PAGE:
Of Schemes and Memes Blog

Communities Happenings – 11th November

Conference updates

This month you can find editors from Nature Publishing Group at some high profile conferences. Firstly we will be attending Neuroscience 2011, this year’s main event for neuroscientists from around the world. Organised by the Society for Neuroscience (SfN), the event is taking place from November 12th – 16th, in Washington, DC. To tie in with this, editors, research scientists and bloggers will be sharing their insights on varied topics and sessions from the event through a special series of guest posts on the Nature Neuroscience blog, Action Potential. A team from Nature Publishing Group will also have a spot at booth #205. You can find out more details in our summary post, NPG at the SfN conference.

Kidney Week 2011 is currently in full swing. Held from the 8th-13th November in Philadelphia, PA, it’s the world’s premier Nephrology meeting, where over 13,000 kidney professionals from around the globe gather together. NPG are joining the American Society of Nephrology (ASN) for Kidney Week 2011 and have a booth at stand #415, so if you are attending, be sure to drop by. To tie in with Kidney week, Nature Reviews Nephrology have also launched their very own Twitter account. Be sure to follow them at @NatRevNeph and do keep an eye on the conference’s official tweets #kidneywk11.

Twitter and Google +

In addition to Nature Reviews Nephrology, this week has seen the launch of more NPG journals on Twitter. So make sure you follow the latest accounts:

You can also find a full Twitter list of NPG journals and products here.

This week Google+ launched pages and several NPG journals and products have already created their own. See our circle featuring all the NPG Google+ pages. This circle will be continuously updated as and when accounts are created.

New tools: ReadCube

Last week, Nature Publishing Group (NPG) and Digital Science announced the integration of ReadCube’s web reader tool with nature.com. The web reader tool is currently available to personal subscribers and site license users on Nature and 18 Nature research journals. It is also available on the open access publication Scientific Reports. Users can now highlight & annotate research articles in their web browser using the new ReadCube tool. To find out more information about this new tool, you can read the press release here.

Super SONYC!

Last night the eagerly awaited 6th SoNYC event took place. The topic of discussion was, In the news, but not reviewed, and looked at the peer review process. The panel included John Matson, astronomy journalist for Scientific American, Maia Szalavitz, a journalist who focuses on neuroscience, John Timmer, the science editor for Ars Technica, and a special video appearance by John Rennie. You can catch up on the discussion via the recording of the live stream or read our summary post which includes a Storify of the online conversations. Details of the next SoNYC will be released soon, so do keep an eye out on the SoNYC Twitter account for details and keep Thursday December 8th free!

Tweetups around the world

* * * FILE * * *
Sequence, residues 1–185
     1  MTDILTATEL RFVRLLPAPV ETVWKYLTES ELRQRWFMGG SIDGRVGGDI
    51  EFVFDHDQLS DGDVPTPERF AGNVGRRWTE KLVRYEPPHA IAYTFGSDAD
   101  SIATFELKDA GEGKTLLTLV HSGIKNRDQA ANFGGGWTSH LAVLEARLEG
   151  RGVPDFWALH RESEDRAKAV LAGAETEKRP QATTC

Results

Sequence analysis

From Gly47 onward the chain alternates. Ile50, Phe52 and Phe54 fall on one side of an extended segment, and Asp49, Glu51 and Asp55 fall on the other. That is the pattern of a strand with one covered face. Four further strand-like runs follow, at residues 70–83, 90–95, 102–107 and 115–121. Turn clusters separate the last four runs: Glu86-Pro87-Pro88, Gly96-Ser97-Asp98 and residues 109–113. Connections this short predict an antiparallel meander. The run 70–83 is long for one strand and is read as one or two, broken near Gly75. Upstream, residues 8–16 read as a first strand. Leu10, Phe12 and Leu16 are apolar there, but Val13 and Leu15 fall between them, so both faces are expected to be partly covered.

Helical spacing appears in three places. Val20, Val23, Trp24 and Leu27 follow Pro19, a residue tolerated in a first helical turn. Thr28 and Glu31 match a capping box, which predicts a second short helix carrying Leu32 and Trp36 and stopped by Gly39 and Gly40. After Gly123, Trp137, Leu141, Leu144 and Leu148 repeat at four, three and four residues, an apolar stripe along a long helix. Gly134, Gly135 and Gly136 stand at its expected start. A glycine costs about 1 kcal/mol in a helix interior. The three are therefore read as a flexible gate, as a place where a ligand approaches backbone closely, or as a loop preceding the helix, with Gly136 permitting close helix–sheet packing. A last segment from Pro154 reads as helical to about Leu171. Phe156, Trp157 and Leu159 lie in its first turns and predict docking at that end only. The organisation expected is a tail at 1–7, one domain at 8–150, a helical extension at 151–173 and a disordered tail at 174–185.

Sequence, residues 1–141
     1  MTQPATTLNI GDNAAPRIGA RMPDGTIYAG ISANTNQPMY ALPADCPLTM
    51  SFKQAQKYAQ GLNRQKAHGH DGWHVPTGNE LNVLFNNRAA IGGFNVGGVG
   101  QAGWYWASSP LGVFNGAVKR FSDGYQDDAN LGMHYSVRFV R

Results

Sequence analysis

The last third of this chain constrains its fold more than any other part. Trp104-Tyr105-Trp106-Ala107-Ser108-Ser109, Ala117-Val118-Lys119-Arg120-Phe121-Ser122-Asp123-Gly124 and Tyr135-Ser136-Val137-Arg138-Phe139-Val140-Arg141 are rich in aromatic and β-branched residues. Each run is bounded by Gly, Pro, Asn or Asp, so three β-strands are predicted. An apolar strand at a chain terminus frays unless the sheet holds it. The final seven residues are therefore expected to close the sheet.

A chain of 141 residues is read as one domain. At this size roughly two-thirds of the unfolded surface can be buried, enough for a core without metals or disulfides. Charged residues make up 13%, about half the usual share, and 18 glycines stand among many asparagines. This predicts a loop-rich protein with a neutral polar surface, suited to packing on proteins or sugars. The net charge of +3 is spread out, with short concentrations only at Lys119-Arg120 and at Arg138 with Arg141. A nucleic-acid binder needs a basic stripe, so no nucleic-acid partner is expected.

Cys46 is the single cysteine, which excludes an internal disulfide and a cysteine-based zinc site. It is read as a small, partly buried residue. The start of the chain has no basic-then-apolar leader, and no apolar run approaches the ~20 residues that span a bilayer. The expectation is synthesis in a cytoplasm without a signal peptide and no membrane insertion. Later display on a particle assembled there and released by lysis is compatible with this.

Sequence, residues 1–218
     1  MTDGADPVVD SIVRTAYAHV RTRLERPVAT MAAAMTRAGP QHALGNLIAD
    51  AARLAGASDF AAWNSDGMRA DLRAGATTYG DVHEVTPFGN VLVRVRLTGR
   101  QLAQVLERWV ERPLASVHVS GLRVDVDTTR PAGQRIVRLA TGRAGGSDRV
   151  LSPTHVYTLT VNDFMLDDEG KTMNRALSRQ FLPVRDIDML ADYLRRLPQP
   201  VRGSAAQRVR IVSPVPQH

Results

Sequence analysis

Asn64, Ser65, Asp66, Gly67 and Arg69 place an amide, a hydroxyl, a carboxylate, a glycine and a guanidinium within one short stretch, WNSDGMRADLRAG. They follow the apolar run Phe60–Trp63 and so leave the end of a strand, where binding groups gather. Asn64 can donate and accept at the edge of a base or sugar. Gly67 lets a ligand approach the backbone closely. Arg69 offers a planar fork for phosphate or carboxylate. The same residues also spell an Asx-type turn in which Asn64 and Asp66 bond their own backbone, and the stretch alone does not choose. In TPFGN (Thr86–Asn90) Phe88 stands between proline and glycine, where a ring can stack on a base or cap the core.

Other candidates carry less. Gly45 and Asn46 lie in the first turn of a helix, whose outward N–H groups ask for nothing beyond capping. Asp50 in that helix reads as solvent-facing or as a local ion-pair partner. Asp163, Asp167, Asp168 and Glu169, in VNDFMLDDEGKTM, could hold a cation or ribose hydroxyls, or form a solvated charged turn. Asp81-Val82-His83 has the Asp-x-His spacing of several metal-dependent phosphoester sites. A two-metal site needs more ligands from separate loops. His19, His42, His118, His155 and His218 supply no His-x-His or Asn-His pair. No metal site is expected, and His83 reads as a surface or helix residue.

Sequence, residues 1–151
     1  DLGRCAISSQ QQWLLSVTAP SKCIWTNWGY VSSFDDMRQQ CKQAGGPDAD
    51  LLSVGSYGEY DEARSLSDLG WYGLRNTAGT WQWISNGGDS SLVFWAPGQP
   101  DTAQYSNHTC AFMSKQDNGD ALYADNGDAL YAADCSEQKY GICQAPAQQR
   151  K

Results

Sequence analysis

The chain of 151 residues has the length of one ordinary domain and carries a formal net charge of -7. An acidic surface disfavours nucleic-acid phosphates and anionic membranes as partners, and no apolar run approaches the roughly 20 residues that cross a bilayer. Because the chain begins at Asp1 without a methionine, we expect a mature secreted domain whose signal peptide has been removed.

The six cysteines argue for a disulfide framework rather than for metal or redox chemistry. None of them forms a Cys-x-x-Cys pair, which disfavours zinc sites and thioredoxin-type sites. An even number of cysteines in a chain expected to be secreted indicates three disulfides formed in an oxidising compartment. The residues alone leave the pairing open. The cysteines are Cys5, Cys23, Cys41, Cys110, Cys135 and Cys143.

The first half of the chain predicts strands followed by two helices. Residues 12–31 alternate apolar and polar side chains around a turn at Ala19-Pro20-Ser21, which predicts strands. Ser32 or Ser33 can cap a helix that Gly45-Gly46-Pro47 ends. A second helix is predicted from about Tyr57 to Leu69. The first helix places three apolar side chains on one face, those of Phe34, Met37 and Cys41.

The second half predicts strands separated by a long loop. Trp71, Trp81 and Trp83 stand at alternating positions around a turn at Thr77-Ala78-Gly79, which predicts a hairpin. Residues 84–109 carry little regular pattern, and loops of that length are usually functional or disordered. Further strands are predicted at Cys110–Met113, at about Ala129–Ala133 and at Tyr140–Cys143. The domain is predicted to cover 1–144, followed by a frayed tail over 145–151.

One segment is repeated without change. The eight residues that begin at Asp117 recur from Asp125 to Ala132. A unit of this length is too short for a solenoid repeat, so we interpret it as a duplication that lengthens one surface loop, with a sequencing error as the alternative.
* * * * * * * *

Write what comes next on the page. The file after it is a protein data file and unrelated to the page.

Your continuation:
For those in the DC area, tonight will be this month’s #DCscitweetup, held at the National Geographic Live (@NatGeoLive) event, The Big Idea: Who Lives? Who Dies? The event will hear from chemistry Nobel Laureate, Martin Chalfie, and Nat Geo emerging explorer, Beth Shapiro. National Geographic will host all tweeps for a small reception to mix and mingle beginning at 6 p.m, before the lecture commences at 7pm. For those who can’t attend, you can also submit your own questions for the presenters before and during the lecture. You can find out more information about the tweet up here.

For those interested in the next #NYCSciTweetup, this will be held on the 1st December at the Peculier Pub and you can find out more information on their Facebook page.

For those on the other side of the Atlantic in Cambridge UK, don’t forget that the next #camscitweetup will be held on Thursday 24th November in the Kingston Arms pub. For more scientific event updates, remember to check our scientific calendars.

Journalism fellowship

Would you like to receive training in NPG’s London office, spending between two to four months reporting science stories from developing countries? Canada’s International Development Research Centre is offering a six-month, full-time, fully-funded science journalism fellowship to an English-speaking Canadian citizen or permanent resident of Canada. The successful applicant will be at an early stage of his/her career, but with at least three years experience as a journalist. Applicants must have a keen interest in science and technology, particularly relating to development, outstanding reporting and writing skills as well as strong ideas for news and features suitable for publication in Nature. You can find out more information, along with details on how to apply in The News Blog.

News from Nature

Finally, if you hadn’t already noticed, Nature News and Comment has a brand new homepage, making it easier to navigate and find the scientific news you are interested in. We encourage you to check it out. If you want even more ways to follow Nature’s news team, check out their YouTube channel and Facebook page.


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